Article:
A JCC just ruled that the E/C took too long after selecting a 1-time change doctor to “provide” the doctor, and thus the claimant was allowed to select their own physician. This is a JCC level decision, and not an appellate decision, but other judges could follow the rationale. (the link to the case is below).
In that case, the adjuster timely responded within 5 days to the request for a 1-time change on a PFB (its still 5 days even if its on a PFB BTW). However, from the record, it appears they did not actually confirm authorization with the doctor they selected for 58 days. There may have been other steps taken, but that was all that was in evidence.
Some good quotes from the JCC below, but basically he ruled that 1-time change rule is satisfied if the E/C provides the name of the doctor to the claimant, HOWEVER, a JCC must look at the entire circumstance surrounding the request. He did not give us a specific number of days, it’s a matter of reasonableness.
I know often the doctor’s office will want to review the records and/or have a pre-payment before they give you an appointment. The key is to document every step you take in moving the request for the appointment along.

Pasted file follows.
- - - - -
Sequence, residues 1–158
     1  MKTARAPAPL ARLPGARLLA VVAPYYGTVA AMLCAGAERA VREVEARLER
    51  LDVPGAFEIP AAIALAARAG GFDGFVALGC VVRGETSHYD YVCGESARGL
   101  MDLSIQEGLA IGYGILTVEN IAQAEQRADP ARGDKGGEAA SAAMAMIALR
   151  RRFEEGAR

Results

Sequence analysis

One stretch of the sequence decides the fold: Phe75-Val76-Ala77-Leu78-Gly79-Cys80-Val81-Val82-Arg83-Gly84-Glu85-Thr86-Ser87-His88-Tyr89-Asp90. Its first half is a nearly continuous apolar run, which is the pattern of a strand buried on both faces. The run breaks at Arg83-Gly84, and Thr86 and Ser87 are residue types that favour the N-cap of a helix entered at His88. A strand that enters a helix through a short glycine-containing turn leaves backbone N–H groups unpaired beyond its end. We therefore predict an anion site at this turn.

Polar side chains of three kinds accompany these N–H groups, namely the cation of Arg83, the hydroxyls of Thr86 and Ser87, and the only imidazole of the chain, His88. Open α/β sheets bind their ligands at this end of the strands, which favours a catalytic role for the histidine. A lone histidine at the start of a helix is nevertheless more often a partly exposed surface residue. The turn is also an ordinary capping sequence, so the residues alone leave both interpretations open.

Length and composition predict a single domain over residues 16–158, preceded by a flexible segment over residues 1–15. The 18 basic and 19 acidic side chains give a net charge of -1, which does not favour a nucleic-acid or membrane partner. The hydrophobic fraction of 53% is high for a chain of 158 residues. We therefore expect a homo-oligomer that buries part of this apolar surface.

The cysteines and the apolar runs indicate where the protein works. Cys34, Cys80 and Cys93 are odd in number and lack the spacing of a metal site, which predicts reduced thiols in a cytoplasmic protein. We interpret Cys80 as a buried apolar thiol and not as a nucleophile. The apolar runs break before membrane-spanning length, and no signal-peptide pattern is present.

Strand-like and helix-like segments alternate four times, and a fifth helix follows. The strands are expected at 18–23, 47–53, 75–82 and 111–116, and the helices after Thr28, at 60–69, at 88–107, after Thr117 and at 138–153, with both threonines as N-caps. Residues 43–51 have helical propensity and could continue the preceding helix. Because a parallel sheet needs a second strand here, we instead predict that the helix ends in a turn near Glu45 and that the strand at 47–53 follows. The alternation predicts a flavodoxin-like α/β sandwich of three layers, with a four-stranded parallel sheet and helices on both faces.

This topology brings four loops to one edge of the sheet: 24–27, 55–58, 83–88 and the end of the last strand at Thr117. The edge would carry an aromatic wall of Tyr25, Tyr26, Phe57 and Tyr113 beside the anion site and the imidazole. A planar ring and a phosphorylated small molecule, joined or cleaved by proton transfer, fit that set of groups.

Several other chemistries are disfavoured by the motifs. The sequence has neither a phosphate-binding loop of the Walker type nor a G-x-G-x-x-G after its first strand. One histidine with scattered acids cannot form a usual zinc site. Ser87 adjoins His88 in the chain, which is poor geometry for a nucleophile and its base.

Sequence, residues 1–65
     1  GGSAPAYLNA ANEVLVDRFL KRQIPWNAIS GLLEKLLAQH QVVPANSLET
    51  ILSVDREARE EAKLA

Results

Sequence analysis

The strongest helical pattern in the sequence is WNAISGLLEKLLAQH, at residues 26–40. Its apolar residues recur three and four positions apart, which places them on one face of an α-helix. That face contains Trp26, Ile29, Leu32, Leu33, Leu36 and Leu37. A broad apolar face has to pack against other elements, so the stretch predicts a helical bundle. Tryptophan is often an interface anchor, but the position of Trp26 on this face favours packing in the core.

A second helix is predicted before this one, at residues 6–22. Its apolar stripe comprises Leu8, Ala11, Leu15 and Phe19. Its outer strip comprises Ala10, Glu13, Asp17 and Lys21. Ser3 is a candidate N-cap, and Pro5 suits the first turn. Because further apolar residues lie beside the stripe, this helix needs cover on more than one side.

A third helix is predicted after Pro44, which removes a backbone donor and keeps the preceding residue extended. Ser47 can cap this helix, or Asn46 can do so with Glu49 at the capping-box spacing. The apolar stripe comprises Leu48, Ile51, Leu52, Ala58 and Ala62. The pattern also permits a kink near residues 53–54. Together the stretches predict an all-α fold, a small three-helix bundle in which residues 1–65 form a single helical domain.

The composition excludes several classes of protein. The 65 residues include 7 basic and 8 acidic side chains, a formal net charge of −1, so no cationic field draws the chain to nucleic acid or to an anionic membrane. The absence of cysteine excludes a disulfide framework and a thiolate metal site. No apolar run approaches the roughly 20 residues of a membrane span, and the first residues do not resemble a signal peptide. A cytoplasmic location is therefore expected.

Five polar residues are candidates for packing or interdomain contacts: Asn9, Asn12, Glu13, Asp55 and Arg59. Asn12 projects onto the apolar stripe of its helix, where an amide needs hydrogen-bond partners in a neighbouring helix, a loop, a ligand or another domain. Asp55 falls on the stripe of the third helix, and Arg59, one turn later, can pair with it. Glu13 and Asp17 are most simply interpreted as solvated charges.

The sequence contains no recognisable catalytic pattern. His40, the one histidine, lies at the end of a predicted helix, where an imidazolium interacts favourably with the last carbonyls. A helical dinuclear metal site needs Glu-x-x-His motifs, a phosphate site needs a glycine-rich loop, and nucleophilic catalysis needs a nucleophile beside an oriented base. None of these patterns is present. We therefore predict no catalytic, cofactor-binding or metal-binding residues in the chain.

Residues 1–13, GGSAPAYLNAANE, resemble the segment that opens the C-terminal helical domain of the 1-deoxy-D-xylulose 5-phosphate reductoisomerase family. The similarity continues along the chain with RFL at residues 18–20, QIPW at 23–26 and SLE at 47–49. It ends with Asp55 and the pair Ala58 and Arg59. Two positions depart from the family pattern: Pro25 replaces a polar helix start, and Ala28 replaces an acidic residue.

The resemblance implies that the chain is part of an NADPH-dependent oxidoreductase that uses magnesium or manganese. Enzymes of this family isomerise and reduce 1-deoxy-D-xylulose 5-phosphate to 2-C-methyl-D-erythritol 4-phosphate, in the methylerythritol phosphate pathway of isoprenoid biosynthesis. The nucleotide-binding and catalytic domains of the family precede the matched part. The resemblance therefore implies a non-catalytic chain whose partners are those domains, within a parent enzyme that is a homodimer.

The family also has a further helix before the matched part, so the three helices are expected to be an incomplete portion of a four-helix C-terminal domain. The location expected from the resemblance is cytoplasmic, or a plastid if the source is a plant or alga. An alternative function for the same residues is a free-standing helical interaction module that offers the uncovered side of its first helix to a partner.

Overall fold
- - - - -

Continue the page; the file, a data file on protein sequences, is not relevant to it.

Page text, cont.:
I would strongly recommend that within the 5 days or as soon as possible thereafter, send an email or fax to the doctor’s office authorizing the provider. And then follow up as often as reasonably possible to move it along. And document, document, document everything….keep your defense attorney (me) in the loop so we can keep the other side informed.
“I find that it is incumbent on the JCC to review each request for a one time change in the totality of the circumstances surrounding the request and authorization. A strict interpretation of the case law allowing the employer/carrier to meet the requirements of the statute merely by naming a doctor would allow for the circumventing of the 5 day limit, such as is the case here where the employer/carrier did not communicate with the new doctor until almost two months after the request for the change and the de-authorization of the first treating doctor, thus stranding the Claimant without authorized care for over two months. To accept the employer/carrier’s strict interpretation of the law, the E/C could merely name a doctor and then take an unlimited time to actually provide a one-time change, thus subverting the 5 day limit in §440.13(2)(f).”
“The courts have indicated that the employer/carrier meets its obligation to authorize a change in doctor by providing the name of the new doctor to the claimant. However, there is no case law defining what the statute requires for the employer/carrier to provide a change in physician.”
Morgan Indek | Partner